Getting Ready for My First Boat Trip of the Season

Every winter, it’s the same story. I dream of the day when I can spend weekends on my boat, or plan three-day (or longer) trips with family and friends. And then, suddenly, spring has sprung and I’m nowhere near ready to take the boat out.

Not this year.

This year I’m determined to start early and get my boat ready for our first trip of the season. I want to be out on the water as soon as possible and not miss one minute of boating season. It may seem like a lot of work, but it is so worth it to be ready to go at the first hint of good weather.

Here’s my plan for getting a jump on boating season.

I’ve already gotten my paperwork in order. Safe boating course? Check. Registration? Check. Now it’s time to check the boat. After all, the time to make repairs is before you’re on the water. No one wants a surprise repair when out on the water.

I always pause right before I take the tarp off and uncover my boat. I like to let the anticipation build. This is the first step toward freedom on the weekends, and if I’m lucky, for a few weeks during the summer. I’ll give the boat a quick once-over. I like to check every inch of it, from stem to stern.

First, the easy stuff. I’ll check the fittings and make sure the screws are tight and properly lubricated. Although I carefully checked everything when I winterized my boat, I will check for cracks in the hull and damage to the paint. The sooner these issues, if they exist, are discovered, the better. And this year, since I am starting early, I can have them repaired and still get my boat in the water during the first sign of nice weather.

Next, I’ll do a thorough cleaning. Again, of course, I made sure it was clean when I winterized it, but since it has been covered for at least three months, it needs to be aired out at the very least. And who knows what critters might have made it their home during the winter. That’s something I wouldn’t want to be surprised by on my first trip out.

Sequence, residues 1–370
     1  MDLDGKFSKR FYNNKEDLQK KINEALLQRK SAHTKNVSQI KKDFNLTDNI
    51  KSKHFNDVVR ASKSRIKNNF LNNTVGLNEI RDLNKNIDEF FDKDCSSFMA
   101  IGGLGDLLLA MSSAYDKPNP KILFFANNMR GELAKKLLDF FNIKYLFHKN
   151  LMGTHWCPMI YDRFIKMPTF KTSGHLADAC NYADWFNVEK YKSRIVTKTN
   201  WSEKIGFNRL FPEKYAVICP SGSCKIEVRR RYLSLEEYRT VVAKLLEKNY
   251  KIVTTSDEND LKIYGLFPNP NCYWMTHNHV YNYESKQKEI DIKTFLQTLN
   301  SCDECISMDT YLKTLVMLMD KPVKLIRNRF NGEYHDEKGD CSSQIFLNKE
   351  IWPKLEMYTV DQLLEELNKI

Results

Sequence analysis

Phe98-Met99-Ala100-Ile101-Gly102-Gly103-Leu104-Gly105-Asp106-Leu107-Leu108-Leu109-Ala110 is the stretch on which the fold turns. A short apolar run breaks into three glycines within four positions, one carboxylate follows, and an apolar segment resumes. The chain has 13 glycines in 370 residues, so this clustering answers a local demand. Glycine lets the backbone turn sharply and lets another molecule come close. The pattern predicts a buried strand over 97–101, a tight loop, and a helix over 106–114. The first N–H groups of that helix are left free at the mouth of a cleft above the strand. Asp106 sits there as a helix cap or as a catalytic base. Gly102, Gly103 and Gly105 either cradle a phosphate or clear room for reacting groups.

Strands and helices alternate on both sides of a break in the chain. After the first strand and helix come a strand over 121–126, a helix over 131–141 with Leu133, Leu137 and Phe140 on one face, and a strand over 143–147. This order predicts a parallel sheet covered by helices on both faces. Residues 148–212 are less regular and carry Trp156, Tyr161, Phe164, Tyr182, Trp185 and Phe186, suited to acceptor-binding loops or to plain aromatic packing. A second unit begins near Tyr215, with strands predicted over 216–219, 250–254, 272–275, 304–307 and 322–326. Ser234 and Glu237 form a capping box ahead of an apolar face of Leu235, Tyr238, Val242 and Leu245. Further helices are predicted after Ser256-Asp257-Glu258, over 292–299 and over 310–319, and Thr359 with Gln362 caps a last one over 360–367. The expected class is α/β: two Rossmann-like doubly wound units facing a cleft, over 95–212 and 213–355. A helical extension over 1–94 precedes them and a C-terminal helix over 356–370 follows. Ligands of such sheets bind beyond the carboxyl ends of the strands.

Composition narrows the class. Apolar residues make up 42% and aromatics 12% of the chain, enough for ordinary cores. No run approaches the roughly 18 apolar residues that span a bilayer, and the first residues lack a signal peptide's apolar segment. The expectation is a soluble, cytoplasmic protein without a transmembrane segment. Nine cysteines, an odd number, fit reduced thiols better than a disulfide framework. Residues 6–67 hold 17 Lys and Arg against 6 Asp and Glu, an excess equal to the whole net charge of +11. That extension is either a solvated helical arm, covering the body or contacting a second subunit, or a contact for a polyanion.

Since I winterized the boat in my backyard, I’ll also take a few minutes to check the trailer. I want to be sure the supports are working properly, the wiring is sound, and that the turn signals are working. Also, safety first. So next I’ll check my safety equipment. I’ve been through my share of boating emergencies and what I’ve learned is that you can never be too prepared.

Anything that needs to be replaced, inspected, or repaired, I can easily get done before my first boat trip. This includes the fire extinguisher, flares, and flotation devices. I will also make sure the first aid kit is fully stocked, and clean out the onboard storage compartments. I’ll check all life jackets to make sure they are in good condition and replace any that can’t be fixed so that I have a life jacket for every passenger.

Since I filled the water systems with potable antifreeze, I’ll have to flush that out, but I’ll wait until closer to the time I’m putting the boat in the water.

Next up are the mechanical and electrical systems. I know I’ll need to change the battery, or at least charge it. I have a spare that I can use if needed and I’ll get a new one to replace it sometime in the first few weeks of summer. Once I have a working battery, I can check that all the lights, pumps, and gauges are working.

As the warmer weather nears, I’ll check the engine and have any repairs I can’t handle done by my mechanic. I’ll also check for cracks in the cooling system and check all the fluids. Since fuel can become contaminated if left in the tank for too long, I’ll drain the tank and refill it with fresh fuel. Then, I check the oil, filters, and spark plugs. May as well, right?

Some of these tasks are tedious, I admit, but as I turn on the engine, anticipation begins to build again. This is the home stretch, and I know I am very close to getting out on the water. I’ll rev the engine a bit, to make sure it responds well. This part always gives me a little thrill. And makes me a little nervous, as I check for fuel leaks.

Once I’m in the clear, I know my first boating trip of the season will be safe and trouble-free. And hopefully stay that way through spring and summer.

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